By Steve Kovacs (Introduction by Chuck Gibson)

LOVELAND, OH (April 07, 2022) – In Issue 2022-068 of Steve Kovacs Fun with Maps, a look at a historic volcanic eruption.


The eruption of Mt. Vesuvius in April of 1906 destroyed much of the city of Naples, killed over 100 people and ejected the largest amount of lava ever in the volcano’s many recorded eruptions.

The most notable eruption of Mt. Vesuvius was in 79AD when the city of Pompeii was destroyed.  It has remained a very active volcano with many small and medium sized eruptions over the centuries.

The last rumbling was in 1944 when the 10 days of activity included flowing lava and an ash plume.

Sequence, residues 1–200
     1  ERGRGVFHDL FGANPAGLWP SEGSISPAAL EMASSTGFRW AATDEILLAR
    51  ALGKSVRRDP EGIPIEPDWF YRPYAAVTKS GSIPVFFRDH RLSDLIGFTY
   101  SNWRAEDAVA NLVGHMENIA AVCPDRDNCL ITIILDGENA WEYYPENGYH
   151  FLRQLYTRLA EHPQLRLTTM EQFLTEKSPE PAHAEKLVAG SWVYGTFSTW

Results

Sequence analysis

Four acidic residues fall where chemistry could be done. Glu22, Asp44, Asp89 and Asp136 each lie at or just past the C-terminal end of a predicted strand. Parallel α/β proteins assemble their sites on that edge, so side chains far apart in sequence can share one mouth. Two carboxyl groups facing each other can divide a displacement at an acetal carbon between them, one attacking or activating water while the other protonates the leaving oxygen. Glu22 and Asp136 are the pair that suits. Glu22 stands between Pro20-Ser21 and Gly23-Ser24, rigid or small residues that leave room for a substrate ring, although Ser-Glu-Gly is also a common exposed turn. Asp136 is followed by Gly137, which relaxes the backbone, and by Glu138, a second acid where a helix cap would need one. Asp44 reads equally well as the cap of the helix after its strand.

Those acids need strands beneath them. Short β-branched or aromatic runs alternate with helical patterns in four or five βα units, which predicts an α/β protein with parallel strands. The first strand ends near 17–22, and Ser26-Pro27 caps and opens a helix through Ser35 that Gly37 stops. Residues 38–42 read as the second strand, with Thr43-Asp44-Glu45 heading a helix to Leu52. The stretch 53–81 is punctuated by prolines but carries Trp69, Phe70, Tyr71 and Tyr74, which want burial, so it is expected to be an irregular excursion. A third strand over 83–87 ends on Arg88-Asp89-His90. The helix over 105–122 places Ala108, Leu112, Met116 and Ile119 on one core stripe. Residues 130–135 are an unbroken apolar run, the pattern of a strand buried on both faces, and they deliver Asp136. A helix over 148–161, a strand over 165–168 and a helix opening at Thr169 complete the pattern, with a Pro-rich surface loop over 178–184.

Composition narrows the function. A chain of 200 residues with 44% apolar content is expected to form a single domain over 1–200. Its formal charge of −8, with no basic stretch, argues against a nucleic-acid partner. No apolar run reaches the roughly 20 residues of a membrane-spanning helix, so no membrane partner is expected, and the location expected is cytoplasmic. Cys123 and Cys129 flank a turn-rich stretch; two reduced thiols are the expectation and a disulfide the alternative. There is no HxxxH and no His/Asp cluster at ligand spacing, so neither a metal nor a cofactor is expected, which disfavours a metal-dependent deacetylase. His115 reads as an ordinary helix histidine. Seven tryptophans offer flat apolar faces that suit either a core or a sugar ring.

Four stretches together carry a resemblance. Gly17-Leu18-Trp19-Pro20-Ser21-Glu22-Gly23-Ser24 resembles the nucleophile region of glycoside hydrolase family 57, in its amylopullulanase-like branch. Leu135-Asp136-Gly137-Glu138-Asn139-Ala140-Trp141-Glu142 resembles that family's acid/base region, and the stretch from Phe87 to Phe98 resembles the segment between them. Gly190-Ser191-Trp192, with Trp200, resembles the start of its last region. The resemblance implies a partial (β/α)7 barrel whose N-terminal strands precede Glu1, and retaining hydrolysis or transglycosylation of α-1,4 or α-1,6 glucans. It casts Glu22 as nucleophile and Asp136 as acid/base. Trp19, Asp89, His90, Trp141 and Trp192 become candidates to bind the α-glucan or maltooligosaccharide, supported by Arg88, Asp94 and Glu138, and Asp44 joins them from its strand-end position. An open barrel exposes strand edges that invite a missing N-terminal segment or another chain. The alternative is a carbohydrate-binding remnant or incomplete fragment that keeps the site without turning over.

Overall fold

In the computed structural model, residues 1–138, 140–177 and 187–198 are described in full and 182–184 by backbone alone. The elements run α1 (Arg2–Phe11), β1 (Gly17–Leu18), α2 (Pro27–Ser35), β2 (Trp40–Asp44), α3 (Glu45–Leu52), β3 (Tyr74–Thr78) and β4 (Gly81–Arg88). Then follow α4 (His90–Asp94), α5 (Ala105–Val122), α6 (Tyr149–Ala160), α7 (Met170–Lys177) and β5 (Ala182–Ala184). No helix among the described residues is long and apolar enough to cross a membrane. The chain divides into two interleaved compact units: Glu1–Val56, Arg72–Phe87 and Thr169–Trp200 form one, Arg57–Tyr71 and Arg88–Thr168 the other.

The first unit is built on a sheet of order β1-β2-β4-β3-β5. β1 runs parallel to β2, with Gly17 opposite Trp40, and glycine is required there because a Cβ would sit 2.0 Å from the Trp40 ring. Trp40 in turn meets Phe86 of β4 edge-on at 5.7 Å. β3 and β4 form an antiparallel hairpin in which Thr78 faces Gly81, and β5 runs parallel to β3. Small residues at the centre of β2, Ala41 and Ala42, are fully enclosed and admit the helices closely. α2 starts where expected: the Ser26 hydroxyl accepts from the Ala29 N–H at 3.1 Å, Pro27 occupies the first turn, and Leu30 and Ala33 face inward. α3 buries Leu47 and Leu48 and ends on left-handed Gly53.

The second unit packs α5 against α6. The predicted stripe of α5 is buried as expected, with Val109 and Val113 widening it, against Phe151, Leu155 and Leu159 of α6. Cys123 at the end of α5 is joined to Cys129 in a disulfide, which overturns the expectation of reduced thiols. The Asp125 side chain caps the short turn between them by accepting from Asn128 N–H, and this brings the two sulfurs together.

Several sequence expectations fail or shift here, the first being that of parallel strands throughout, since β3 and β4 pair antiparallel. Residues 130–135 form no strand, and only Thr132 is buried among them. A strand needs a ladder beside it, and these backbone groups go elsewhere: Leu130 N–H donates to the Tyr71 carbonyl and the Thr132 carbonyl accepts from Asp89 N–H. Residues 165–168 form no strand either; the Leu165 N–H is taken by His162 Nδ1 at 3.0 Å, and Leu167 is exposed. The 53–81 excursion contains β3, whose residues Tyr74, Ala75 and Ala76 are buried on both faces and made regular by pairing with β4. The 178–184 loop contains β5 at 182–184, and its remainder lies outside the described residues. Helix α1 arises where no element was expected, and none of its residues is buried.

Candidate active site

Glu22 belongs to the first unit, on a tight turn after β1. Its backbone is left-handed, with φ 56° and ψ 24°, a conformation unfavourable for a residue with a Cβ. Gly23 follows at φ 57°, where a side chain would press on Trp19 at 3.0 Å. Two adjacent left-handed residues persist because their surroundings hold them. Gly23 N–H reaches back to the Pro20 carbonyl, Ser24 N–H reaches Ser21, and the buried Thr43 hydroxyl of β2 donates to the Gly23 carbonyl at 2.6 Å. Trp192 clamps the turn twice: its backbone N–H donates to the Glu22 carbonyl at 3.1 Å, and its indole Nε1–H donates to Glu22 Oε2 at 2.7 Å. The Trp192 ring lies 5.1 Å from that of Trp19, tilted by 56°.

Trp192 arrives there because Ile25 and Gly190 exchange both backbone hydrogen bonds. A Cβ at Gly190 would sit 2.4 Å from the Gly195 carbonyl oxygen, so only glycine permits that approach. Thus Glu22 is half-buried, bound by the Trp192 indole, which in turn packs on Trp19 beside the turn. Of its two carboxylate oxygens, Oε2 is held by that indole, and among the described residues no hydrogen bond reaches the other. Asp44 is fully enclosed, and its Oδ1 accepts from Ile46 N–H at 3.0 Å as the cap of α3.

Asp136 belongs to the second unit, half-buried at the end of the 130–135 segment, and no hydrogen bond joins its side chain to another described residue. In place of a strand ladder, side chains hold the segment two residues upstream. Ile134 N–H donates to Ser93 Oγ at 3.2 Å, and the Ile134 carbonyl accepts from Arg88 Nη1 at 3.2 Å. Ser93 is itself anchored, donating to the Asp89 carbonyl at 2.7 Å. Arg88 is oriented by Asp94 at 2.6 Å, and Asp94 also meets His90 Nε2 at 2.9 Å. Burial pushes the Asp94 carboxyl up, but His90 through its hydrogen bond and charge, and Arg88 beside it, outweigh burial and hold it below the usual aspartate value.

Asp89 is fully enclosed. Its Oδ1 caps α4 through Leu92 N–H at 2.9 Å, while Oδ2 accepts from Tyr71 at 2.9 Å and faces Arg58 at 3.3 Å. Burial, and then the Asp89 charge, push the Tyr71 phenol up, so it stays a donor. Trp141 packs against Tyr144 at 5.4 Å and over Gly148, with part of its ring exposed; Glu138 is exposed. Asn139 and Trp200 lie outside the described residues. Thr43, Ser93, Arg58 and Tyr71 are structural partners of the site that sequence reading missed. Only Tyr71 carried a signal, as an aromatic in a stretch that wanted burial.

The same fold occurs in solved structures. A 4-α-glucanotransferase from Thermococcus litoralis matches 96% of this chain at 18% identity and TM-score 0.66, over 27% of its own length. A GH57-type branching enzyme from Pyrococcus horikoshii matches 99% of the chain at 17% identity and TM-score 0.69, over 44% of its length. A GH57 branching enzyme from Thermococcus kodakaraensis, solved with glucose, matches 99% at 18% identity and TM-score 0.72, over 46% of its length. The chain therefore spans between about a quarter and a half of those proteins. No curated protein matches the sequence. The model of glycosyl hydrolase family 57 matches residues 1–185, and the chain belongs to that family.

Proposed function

Vesuvius is the only volcano on the European mainland to have erupted in the last century.

Although visitors can go to the mountain’s summit, it is considered one of the world’s most dangerous volcanoes because of the violence of its eruptions and the densely populated areas around it.

Here is de Wit’s 1680 map of southern Italy, with Naples and Mt. Vesuvius towards the upper left.

Italy -1680 (Credit Steve Kovacs)

Steve Kovacs and his wife Theresa reside in Loveland, Ohio where they raised their two children. He is a passionate collector of antique maps.

Visit his antique map boutique world-on-paper online. Watch for his daily feature Steve Kovacs: Antique Maps & Fun Facts here on Loveland Beacon.